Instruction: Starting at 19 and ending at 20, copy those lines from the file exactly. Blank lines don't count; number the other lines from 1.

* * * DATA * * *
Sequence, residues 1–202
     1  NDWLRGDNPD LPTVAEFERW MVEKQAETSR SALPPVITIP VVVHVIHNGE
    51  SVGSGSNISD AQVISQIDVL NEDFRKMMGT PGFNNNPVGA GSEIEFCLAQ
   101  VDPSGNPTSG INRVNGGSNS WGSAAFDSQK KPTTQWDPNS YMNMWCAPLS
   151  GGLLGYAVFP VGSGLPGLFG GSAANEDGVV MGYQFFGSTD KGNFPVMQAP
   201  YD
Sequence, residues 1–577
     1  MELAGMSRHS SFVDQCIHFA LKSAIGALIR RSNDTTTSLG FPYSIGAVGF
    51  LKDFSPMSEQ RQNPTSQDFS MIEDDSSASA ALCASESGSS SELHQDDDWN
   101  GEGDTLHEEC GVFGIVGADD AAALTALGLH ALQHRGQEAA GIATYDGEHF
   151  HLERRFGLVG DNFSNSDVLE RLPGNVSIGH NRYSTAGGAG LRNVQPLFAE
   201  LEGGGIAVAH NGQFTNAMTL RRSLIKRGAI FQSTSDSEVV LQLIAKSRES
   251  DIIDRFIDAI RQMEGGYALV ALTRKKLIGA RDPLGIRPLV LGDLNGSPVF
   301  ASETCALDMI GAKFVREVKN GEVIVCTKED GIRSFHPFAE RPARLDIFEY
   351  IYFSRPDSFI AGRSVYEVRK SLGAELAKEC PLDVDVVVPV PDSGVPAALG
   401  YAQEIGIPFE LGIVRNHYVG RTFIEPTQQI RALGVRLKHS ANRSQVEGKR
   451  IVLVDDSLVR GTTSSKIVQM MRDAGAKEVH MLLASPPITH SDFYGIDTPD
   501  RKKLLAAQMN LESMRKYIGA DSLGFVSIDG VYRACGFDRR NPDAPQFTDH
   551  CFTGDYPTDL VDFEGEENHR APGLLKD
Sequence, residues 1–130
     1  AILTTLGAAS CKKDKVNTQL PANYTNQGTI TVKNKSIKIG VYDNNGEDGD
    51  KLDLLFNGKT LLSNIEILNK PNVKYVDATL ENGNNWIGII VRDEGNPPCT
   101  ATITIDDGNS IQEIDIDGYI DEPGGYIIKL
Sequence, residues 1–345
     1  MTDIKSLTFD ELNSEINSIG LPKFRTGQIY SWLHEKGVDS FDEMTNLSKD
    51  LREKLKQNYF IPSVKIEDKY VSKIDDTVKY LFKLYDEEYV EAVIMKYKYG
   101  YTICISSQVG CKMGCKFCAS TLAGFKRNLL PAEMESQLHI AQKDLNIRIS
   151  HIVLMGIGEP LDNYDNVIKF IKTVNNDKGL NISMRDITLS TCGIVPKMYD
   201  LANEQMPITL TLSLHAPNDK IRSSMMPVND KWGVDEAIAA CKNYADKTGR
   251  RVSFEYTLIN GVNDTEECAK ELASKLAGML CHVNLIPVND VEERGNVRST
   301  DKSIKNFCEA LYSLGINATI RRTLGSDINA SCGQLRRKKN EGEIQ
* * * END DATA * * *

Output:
   551  CFTGDYPTDL VDFEGEENHR APGLLKD
Sequence, residues 1–130